What advice would you give to summer brides about their dresses?
The most important consideration is comfort. I recommend choosing a gown that will allow the bride-to-be to move easily—nothing overly constructed and heavy. It helps to have a smaller train, as this also alleviates excess weight, or even consider a short or tea-length dress style. Look for breezy and movable fabrics such as organza, English net, taffeta and satin-faced chiffon, which are so in-trend right now. Another unique fabric that I've designed with is linen, which is absolutely perfect for a summer bride.
After designing for Priscilla of Boston for three seasons, what direction are you hoping to take the collection in now?
The Priscilla label is steeped in tradition, and so it's very important to me to continue the legacy through my design approach. I'm conscious that brides today are more in tune with fashion than ever before, so not only do they want their gown to be made with the finest fabrics and detailing, but they also want to show off their individual style and fashion sense. As I move forward with the collection, my intention is to capture the essence behind the label, the tradition and classic styling, while at the same time elevating the design aesthetic to reflect what is happening today in fashion.
You used a lot of different textures and fabrics in your most recent collection. Where did you get your inspiration?
Each season, I like to incorporate a few select, really beautiful novelty fabrics into the line because they add a fresh new dimension to the line and, in the end, really stand out from the sea of satins, organzas and chiffons you see so often in the bridal market. Lace is always a tried-and-true inspiration for me, and since last season the theme of flowers was so big, I really focused in on all-over floral Alençon lace patterns.
What are you working on now for your next collection?
I am working with a metallic theme. There is a new taffeta that is very subtle and looks beautiful when the light hits it. I also love ribbons and stripes, so I am working with an organza fabric with a linear pattern that almost makes it looks like there are different widths of ribbon running through it. The lines of the dress will be pretty and clean, which will let the fabric speak for itself.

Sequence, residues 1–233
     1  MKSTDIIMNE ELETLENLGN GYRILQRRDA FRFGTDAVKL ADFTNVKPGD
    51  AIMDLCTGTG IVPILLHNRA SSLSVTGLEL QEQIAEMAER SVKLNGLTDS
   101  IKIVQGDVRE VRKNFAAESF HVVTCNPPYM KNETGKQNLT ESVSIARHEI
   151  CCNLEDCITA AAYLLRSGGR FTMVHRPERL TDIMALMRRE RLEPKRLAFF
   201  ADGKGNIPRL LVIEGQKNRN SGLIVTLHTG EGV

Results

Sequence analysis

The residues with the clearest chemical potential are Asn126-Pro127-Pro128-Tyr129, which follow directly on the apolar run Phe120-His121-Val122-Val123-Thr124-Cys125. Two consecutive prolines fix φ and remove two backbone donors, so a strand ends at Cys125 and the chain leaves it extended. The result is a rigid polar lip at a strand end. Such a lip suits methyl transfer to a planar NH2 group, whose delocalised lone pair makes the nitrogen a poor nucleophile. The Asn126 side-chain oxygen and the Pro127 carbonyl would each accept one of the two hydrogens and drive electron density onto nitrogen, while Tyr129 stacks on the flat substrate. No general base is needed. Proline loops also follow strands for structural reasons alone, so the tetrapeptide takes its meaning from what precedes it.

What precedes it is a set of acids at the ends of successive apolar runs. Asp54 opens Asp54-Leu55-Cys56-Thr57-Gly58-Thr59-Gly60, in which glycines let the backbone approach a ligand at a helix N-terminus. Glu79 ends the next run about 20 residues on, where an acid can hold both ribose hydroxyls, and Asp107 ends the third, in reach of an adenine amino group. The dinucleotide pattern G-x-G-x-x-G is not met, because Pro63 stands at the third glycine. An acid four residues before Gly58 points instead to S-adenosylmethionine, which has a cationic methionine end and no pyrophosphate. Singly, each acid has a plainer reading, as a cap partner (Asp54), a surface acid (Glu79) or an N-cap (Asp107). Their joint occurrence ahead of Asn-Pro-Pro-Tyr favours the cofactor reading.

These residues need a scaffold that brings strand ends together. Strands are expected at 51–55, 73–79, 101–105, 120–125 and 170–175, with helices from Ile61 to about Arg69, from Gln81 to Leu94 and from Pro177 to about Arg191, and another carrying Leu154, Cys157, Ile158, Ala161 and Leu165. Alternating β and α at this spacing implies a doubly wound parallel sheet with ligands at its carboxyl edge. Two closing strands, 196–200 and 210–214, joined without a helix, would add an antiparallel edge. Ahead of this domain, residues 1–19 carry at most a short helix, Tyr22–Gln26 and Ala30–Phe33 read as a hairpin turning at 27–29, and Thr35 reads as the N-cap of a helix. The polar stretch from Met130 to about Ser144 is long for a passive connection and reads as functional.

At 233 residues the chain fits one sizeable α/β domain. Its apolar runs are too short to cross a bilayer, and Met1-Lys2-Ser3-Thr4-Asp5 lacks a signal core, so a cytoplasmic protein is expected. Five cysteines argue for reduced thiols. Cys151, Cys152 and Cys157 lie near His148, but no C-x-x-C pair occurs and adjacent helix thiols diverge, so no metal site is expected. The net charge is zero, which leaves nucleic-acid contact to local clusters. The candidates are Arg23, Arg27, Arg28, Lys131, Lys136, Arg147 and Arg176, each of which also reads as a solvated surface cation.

How does your background in designing more casual cocktail and special-occasion dresses affect your current work as a bridal gown designer?
Throughout my career, I've come to understand how various styling details and silhouettes flatter different body types. This knowledge is invaluable when it comes to designing for the bride and incorporating styling details that bring out a bride's best assets. Design-line shapes and placement, waist join-lines, shoulder-strap placement, neckline shapes and skirt silhouettes all affect the proportioning of the silhouette. Based upon where and how these join-lines and seams are shaped and positioned on a gown, certain body features can be accentuated or camouflaged.
Bonus question: What is your favorite dress from your most recent collection?
That's a tough one, but if I had to pick just one, it would be the first one I showed this season (See it here!). It was a strapless 100 percent silk Razmir fit-to-flair gown with a hand-pleated bodice and double flounce at the hem trimmed with intricately handmade Razmir origami bows. I picked this style because it's very today and was fun and exciting for me, as it took me out of my "beading zone" and allowed me to instead work with the fabric itself to create interest and unique textures, which is so fresh and in-trend.